Rachel Maloney, AKA Tonikom is a New York City based solo musician specializing in very cool, very current, atmospheric electronic music. She borrows from many different electronic music palettes then reinvents it into her own unique sound, capturing the attention of many ears. Tonikom’s amazing talent can be heard in her discography of six albums. Her sixth and most recent release is Found and Lost from Hymen Records. Tonikom joined Auxiliary’s Hangedman via Skype to talk about her music, her new album, and everything Tonik!
interview by : Hangedman
photographer : Ron Douglas
fashion stylist : Gillian Leigh Bowling
Let’s talk about the new album; this album is appropriately named Found And Lost. This is an exciting album for everyone because it seems like a lifetime since the last, much acclaimed, 2009 The Sniper’s Veil. Can you tell us about the journey from Sniper to Found And Lost?
Tonikom : Sure, this album is very purposely titled, the reverse of what we’re normally used to hearing. I went from creating a lot of work, creating a lot of music, producing a tremendous amount, and then going to creating none at all. It was a really tough time for me. As much as I wanted to create music I just couldn’t. I came off of my 2009 tour; we did a little mini tour in Europe. We played all these shows, and it was a whirlwind tour and I got like three hours of sleep. It was really exciting and a lot of fun but I got home and I just kind of crashed.
Like creative block kind of thing?
T : Yeah! I just got into this kind of terrible gray nothingness that was in my brain whenever I tried to sit down and start to work in the studio or kind of play around on the laptop. It was just brutal. I just had the most difficult time with it and I started to realize that I really couldn’t force myself to do it. There was no real deadline I could enforce or try to sell myself, okay in three months I’m going to make one track, or I’m going to do a little bit of sound design and that’s it! None of that worked. I finally realized that I really just had to let go, and walk away and be okay with that, be okay with having total lack of control over whatever creative outlets I have in my life. I just had to be like, “okay, I can’t do anything right now, and I have to be okay with that, and if it comes back it comes back and whenever it does come back it’s just going to be due to circumstances beyond my control.”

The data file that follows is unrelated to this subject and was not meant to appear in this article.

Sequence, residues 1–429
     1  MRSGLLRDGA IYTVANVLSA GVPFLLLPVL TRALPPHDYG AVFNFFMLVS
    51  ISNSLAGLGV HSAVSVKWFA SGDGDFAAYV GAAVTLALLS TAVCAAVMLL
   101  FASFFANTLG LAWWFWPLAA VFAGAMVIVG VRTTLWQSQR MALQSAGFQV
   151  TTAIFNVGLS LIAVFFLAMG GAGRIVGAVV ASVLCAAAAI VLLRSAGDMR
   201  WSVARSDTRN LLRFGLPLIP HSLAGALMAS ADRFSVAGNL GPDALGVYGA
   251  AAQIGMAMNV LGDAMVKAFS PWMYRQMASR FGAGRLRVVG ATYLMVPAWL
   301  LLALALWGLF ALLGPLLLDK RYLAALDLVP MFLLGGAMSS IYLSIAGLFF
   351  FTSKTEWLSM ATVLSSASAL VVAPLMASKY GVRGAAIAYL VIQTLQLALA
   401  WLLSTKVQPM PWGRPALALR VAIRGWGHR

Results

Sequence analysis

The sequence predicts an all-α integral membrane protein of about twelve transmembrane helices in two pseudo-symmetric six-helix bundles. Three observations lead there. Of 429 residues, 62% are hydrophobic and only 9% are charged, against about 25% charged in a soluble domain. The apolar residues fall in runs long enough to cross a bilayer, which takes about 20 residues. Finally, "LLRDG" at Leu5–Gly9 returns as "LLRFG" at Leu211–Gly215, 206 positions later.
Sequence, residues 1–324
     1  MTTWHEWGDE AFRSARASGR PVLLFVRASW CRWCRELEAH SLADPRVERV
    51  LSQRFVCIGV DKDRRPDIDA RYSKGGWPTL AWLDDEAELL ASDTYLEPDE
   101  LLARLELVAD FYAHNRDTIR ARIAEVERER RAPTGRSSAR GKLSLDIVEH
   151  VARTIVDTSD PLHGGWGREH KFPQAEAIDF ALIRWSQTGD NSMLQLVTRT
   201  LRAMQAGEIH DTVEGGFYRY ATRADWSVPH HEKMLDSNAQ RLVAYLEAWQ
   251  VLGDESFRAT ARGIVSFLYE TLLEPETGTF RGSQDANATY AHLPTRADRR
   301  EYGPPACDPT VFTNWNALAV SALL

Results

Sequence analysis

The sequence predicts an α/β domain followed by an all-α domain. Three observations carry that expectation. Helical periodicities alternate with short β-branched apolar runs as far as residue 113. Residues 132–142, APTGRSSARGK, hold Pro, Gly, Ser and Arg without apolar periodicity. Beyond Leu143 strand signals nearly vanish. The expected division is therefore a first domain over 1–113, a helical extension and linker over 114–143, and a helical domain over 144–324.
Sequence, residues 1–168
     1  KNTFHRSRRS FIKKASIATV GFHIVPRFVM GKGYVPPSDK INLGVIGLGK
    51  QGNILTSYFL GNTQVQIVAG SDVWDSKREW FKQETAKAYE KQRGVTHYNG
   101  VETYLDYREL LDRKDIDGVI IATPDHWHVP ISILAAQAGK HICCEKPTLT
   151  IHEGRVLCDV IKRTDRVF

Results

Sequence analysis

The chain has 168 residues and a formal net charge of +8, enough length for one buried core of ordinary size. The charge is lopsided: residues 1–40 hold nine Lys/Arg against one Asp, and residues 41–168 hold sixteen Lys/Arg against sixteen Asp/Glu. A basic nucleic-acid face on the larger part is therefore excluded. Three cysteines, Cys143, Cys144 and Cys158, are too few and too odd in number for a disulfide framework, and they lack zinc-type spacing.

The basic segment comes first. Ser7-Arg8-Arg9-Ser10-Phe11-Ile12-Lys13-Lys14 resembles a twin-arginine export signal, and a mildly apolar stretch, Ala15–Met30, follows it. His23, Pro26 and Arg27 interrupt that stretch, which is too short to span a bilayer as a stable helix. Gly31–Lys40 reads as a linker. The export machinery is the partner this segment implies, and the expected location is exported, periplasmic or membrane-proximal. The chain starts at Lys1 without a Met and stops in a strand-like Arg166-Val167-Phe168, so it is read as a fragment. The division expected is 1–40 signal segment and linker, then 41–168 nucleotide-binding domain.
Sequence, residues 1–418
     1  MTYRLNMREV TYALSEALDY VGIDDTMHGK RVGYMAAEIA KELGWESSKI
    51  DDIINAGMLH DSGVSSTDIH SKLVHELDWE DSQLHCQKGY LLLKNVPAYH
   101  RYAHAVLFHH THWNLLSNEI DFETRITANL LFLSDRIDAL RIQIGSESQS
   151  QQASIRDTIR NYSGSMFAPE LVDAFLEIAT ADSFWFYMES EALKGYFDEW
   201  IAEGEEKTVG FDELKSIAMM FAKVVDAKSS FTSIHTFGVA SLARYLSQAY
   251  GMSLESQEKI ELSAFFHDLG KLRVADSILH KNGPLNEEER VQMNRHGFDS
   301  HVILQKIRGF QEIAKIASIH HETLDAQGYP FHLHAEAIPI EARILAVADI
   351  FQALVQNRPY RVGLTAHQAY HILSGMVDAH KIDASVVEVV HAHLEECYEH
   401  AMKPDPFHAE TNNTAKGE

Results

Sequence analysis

And we’re all very happy it did come back!
T : As am I. I find music very cathartic and it’s a very therapeutic thing for me. It does not matter if I’m working on a really upbeat track or a really low-key track, sometimes it kind of lulls me into almost sleep, which is something I really don’t get a lot of. [laughs] So, anything that gets me into that really calm state is very satisfying.
You mention that creative block. A lot of artists get into that: writers get into that, musicians get into that, even visual artists get into that. Can you let us in on some of your creative process? When you start a piece of music, what drives it forward? And what tools do you use to keep that motivated and share it with the world?
T : I grew up with the piano, so melody is a very big inspiration. Hearing something as silly as a jingle on TV, or something that was popped into a commercial, that can be very inspiring. A sound I hear in the city can be very inspiring. The way that a truck brakes or the way a train exits a station, anything like that I’m really inspired by. More on the end of melodies, this is what really gets me excited and gets me started. I tend to half and half it, I begin with a melody or begin with drums. I say on a whole for me it’s about creating a melody, that’s where it all begins for me.
Let’s talk about toys! I’ve seen the pictures and the videos of the live act. Unfortunately I have not had the privilege to see the live act, yet. Maybe Quebec City at the Halloween Industrial Fest!
T : Hey and then you just don’t get stuck with me!
I get stuck with a whole bunch of awesome acts, a great line-up actually. What I love about it all is the one individual surrounded by technology. What are some of your favorite music making toys and techniques?
T : I try to experiment and I try to do new things. I’m definitely a creature of habit with the programs I use. I don’t tend to update a lot. I get really kind of stuck in things. It’s just like a piece of gear, you get to know it really well and you don’t want to keep changing all the time. I try to keep the programs as a control in some way. With gear, I love to try new stuff, but I frequently find myself getting into weird situations with new gear. Most of the new gear I adopt ends up being for shows.
There’s always a risk with new gear.